I work in evangelism and so Romans, which is a key text in giving the Gospel, is important for me to understand.… I’m still trying to figure out how the narrative view can coincide with the traditional “Romans Road” for presenting the Gospel to a modern individual.
I really like this comment from Steven Opp—first, because it gives me an opportunity to address in a bit more detail the relation between the justification of Gentiles on the basis of what they have done and the justification of the people of God by faith; and secondly, because Steven is an evangelist and naturally wants to know whether the narrative reading is going to help him present the gospel to “a modern individual”.
So today more on those righteous Gentiles. The question of what an evangelist might do with this approach, if anything, we’ll look at in a day or two.
What about in Ch. 3 when speaking of both Jews and Gentiles Paul says no one is righteous, not one? Then he goes on to talk about Jesus. Is the difference that while no one is righteous (Ch. 3) the Gentiles do righteous things (Ch. 2), so you can be unrighteous but still do righteous deeds which effects how you are judged?
The popular view is that when Christians die, they go to heaven to be with God for ever and ever. This is a sub-biblical notion that has to some extent been corrected in recent years, thanks not least to Tom Wright. We are now much more likely to recognize that the biblical narrative terminates not in the migration of saved souls to heaven but in the renewal of heaven and earth and the descent of God to dwell in the midst of his new creation.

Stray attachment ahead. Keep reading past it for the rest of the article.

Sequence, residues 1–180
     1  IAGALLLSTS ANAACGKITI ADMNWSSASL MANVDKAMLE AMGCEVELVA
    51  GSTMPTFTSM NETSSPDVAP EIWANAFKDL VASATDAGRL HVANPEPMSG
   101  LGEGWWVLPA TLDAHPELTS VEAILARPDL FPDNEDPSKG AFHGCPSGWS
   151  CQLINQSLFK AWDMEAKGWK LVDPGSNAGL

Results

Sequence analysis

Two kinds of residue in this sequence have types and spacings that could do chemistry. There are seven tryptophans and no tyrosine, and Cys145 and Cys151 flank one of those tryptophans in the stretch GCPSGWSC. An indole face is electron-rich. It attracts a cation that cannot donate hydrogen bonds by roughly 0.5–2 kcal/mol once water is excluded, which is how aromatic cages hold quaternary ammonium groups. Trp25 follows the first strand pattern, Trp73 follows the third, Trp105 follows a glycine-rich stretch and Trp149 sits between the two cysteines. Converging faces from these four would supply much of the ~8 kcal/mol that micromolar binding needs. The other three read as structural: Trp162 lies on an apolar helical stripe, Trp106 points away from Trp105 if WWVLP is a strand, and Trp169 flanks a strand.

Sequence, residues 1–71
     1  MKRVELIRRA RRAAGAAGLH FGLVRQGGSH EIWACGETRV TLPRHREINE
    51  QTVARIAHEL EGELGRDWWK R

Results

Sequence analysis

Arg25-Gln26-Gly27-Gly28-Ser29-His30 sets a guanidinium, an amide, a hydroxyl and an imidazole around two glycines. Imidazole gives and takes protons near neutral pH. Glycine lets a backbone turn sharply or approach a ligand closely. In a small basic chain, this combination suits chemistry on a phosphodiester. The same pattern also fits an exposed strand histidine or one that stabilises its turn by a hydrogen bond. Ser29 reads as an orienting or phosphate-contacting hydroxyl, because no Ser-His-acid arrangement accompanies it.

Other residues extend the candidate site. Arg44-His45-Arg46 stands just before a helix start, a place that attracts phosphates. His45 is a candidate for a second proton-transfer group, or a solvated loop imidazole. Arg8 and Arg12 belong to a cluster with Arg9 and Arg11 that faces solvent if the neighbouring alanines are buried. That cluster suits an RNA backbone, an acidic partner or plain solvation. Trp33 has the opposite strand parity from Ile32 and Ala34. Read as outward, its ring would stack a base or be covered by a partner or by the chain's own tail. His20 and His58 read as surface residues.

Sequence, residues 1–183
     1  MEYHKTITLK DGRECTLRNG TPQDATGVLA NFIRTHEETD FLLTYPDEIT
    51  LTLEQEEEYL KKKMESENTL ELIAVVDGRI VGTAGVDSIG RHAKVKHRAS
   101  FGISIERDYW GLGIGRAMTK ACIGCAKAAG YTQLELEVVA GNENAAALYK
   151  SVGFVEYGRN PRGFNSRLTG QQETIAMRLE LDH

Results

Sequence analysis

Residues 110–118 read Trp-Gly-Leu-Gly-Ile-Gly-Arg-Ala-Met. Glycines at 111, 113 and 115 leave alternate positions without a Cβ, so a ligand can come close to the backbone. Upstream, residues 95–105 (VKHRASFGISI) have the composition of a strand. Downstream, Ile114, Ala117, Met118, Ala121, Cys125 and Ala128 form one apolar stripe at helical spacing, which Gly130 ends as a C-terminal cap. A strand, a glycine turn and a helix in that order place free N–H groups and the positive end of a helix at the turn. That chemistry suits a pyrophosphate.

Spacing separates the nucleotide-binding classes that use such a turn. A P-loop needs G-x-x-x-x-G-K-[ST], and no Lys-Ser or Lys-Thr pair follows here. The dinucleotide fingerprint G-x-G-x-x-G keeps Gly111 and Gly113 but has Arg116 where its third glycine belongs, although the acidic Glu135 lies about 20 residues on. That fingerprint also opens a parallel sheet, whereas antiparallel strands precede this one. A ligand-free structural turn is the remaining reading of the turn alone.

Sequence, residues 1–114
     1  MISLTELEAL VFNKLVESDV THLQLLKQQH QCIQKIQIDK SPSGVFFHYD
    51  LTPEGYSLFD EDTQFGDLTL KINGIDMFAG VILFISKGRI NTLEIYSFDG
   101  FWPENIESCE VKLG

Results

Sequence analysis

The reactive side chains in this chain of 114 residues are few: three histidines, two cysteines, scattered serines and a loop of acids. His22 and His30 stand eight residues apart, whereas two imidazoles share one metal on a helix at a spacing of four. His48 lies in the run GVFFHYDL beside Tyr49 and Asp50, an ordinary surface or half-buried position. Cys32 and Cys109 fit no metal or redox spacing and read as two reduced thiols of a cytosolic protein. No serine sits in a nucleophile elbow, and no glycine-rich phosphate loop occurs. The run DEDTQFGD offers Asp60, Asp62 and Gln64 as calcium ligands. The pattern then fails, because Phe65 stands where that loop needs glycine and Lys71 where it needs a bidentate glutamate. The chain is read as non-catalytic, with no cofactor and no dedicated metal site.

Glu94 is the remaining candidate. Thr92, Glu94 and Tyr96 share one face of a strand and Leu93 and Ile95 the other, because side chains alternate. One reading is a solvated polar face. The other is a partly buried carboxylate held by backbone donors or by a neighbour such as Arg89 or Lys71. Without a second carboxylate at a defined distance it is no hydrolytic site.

We had a very interesting session on the Book of Revelation in Harlesden last Tuesday evening. The big hermeneutical question it raised, in my view, is whether we live in the story it tells or after the story it tells. Barney suggested that we live in it and compared its complex allusive discourse cleverly and engagingly to the Meatrix. In many respects the analogy works well: it certainly helps us to understand the coded nature of the Book of Revelation better. But there is a critical point, I think, at which the analogy breaks down. Factory farming is a contemporary issue for us. Is that true of the issues addressed in the Book of Revelation? I don’t think so. We live in the Meatrix allegory. We do not live in the main story of that is being told in largely Revelation. We live after it and have to learn from it in rather different ways.
This question was put to me via the contact form. It’s brief and I’m not entirely sure where it’s coming from. My guess is that the questioner is from a Calvinist background and wants to know whether my writings are safe to read, but I could be wrong, and it doesn’t much affect my response.
I found an article on your website and noticed it mentioned the word “Reformed” but I couldn’t tell from the context if you hold to Reformed theology or not. Can you please explain where you stand on Reformed theology, Calvinism and the doctrines of grace?
A four hour ferry journey across Lake Van gives me the opportunity to write up some reflections on chapter seven of Tom Wright’s How God Became King - Getting to the heart of the Gospels , in which he describes how the clash between God and Caesar plays out in the story of Jesus. These rusting boats have for a long time carried trains and their passengers travelling between Istanbul and Tehran. Today’s cargo consists of several freight wagons, a couple of Kurds, ourselves, and an emaciated German cyclist heading for Tashkent, whom we fed with the leftovers from our bread and cheese lunch.